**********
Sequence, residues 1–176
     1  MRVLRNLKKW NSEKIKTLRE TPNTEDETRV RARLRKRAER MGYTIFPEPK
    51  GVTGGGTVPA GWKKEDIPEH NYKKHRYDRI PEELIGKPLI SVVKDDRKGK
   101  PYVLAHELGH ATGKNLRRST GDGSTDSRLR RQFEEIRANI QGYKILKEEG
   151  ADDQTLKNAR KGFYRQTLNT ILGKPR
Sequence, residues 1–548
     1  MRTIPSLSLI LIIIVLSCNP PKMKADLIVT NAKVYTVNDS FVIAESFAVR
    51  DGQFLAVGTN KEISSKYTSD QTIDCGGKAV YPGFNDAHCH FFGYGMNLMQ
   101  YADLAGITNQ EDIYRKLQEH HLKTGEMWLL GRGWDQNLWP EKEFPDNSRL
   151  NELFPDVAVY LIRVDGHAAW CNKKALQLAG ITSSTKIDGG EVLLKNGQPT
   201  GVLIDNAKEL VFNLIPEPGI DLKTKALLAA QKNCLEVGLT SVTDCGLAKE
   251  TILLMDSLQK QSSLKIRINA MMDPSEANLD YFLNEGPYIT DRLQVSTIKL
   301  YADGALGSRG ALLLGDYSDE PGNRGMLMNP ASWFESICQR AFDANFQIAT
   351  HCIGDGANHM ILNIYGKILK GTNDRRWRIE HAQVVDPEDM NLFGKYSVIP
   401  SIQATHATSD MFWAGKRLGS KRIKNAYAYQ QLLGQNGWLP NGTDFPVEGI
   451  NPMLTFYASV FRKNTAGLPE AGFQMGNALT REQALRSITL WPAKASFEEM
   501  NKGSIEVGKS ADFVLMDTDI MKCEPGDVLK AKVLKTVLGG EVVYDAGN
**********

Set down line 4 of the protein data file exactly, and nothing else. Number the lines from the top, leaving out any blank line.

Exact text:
   101  PYVLAHELGH ATGKNLRRST GDGSTDSRLR RQFEEIRANI QGYKILKEEG